REL 740b, Martin King, Religion, and the Civil Rights Movement With special emphasis on the speeches and public work of Martin King, this course considers how black religious culture, practices, and institutions helped to shape the black freedom movement of the 1950s and ’60s. We explore other figures, including Ella Baker, Fannie Lou Hamer, James Baldwin, and Malcolm X, and consider how they shaped and challenged the role of Afro-Protestant culture in determining the moral language and political strategies associated with the civil rights movement. Throughout the course we also consider how the civil rights movement has been interpreted and how artists, activists, historians, and theologians have made use of this past in service of their own political, religious, and ideological aims. Clarence E. Hardy III

REL 741a, James Baldwin as Religious Writer and Social Critic James Baldwin’s exile from his country and his Pentecostal heritage granted him a perspective that shaped and animated his social criticism and his literary art. We consider the nature of this twin exile, Baldwin’s exploration of African American life, and how these elements shaped his understanding of religion, sex, country, and world. Clarence E. Hardy III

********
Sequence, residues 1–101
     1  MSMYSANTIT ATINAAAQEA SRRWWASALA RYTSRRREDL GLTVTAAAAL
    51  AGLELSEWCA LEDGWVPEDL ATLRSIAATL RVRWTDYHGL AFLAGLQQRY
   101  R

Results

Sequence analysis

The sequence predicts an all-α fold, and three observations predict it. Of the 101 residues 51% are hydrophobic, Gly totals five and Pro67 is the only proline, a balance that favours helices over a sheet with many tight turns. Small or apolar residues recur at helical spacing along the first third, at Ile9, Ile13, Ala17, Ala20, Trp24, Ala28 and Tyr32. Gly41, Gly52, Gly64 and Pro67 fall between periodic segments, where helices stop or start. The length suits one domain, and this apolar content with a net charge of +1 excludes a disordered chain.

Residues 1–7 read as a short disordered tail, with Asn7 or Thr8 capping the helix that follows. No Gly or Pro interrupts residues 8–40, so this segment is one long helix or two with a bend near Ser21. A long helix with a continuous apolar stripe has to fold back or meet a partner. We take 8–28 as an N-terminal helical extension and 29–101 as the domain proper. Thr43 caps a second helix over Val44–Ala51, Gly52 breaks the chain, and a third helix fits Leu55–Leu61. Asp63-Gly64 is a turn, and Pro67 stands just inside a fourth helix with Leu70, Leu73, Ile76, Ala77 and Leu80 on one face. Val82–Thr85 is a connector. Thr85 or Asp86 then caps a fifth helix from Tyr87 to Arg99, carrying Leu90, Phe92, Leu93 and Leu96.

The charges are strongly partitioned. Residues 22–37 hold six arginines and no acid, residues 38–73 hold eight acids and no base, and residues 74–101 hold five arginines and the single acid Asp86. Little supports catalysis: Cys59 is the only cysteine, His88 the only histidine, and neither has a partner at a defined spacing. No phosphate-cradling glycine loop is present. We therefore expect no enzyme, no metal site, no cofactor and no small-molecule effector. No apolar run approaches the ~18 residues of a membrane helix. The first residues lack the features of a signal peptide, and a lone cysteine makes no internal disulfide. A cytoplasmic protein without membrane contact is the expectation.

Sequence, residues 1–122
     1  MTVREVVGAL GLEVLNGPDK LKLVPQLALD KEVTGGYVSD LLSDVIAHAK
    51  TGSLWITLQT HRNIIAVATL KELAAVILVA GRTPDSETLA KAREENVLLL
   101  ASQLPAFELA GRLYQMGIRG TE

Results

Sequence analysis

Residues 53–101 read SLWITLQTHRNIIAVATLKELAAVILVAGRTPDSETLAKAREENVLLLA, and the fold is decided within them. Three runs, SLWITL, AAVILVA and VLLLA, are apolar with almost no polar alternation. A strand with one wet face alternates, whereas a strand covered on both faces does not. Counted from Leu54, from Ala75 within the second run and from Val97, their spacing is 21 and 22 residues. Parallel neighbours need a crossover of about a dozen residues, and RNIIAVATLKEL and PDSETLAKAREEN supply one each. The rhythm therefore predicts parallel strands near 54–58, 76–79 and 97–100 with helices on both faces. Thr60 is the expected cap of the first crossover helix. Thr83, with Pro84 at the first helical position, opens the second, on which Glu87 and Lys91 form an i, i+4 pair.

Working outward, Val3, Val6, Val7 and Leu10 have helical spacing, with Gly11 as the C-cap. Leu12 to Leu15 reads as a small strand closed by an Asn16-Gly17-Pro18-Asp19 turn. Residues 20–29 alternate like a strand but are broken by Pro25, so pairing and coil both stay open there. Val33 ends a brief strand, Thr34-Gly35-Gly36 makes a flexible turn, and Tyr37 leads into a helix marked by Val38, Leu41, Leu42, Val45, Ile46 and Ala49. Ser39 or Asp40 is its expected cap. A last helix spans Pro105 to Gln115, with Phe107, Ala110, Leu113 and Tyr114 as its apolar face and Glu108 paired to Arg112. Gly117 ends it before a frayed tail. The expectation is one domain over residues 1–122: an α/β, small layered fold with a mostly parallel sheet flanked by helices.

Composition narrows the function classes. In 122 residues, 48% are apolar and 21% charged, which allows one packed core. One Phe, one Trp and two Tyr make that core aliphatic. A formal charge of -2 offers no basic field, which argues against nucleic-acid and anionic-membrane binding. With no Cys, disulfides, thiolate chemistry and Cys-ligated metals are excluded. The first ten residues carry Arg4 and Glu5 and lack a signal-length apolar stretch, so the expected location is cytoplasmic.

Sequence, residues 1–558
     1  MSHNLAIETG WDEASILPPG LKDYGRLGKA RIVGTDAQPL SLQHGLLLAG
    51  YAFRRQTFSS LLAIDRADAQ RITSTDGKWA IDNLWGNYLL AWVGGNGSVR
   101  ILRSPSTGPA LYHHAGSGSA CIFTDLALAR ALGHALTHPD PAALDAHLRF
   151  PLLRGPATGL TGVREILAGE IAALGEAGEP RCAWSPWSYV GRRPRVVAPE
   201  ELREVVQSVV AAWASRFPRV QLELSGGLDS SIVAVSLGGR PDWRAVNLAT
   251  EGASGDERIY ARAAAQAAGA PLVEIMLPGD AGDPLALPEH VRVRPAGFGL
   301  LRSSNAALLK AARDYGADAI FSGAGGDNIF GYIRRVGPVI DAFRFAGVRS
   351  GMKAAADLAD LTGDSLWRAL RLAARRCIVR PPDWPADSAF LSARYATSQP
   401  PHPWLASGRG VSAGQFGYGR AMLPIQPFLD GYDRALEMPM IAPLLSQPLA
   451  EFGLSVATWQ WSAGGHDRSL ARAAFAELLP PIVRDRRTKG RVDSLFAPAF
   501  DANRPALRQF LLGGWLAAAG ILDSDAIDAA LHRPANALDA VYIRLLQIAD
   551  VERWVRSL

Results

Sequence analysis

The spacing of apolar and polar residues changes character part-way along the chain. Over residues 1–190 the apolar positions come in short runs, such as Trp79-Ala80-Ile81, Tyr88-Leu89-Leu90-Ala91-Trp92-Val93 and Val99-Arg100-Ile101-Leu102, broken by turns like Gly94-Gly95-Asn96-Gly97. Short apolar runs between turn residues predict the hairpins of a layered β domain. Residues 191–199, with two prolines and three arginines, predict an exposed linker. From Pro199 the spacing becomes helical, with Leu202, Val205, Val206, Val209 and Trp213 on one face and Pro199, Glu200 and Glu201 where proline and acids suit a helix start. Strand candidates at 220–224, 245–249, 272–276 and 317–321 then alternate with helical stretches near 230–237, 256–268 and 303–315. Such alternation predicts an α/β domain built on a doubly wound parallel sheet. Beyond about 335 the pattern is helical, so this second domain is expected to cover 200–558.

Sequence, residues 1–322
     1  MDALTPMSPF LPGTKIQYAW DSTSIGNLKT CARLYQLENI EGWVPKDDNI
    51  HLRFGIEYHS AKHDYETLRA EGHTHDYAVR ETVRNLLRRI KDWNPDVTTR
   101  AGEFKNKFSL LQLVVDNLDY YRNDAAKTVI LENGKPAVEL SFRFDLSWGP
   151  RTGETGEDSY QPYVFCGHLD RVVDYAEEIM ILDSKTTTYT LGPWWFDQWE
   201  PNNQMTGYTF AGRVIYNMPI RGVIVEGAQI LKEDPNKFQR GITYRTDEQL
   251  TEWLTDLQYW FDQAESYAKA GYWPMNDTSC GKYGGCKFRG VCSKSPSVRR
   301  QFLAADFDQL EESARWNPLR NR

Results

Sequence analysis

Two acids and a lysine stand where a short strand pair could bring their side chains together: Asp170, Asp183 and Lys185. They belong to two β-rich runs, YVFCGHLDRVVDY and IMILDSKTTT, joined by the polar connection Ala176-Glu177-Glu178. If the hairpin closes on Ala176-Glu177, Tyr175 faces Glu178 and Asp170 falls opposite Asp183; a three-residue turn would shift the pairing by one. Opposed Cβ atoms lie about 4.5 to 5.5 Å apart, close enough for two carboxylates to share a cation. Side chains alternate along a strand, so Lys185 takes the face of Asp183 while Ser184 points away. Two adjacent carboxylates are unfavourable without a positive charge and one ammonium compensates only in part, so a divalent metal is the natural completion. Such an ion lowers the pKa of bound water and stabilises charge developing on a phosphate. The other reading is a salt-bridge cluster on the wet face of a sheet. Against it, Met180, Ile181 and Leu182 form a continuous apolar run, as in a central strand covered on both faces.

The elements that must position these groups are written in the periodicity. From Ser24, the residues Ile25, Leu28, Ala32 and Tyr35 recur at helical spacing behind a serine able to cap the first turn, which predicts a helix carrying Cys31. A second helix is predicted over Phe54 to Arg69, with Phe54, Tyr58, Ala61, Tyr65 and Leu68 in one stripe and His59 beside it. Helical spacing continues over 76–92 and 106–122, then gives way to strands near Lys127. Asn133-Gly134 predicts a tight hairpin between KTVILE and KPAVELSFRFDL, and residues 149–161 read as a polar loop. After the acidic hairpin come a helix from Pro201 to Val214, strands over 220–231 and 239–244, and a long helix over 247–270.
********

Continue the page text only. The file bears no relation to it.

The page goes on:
REL 763a, Primary Readings in American Christianity, 1870–1940 The United States changed dramatically in the decades between the Civil War and the Second World War. Reconstruction, unprecedented levels of immigration, westward expansion, Manifest Destiny and the age of imperialism, Progressive-era social reform, the growth of scientific and popular racism, World War I, the Roaring Twenties, and the Great Depression all left indelible marks on American cultural and religious life. What role did Christianity play in these historical developments, and how were Christian traditions transformed in the process? This seminar addresses these questions with a focus on selected primary sources, written by men and women representing a wide range of Christian traditions, regions, and racial/ethnic backgrounds. Tisa J. Wenger

HIST 387a, West African Islam Lamin Sanneh

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Area IV: Ministerial Studies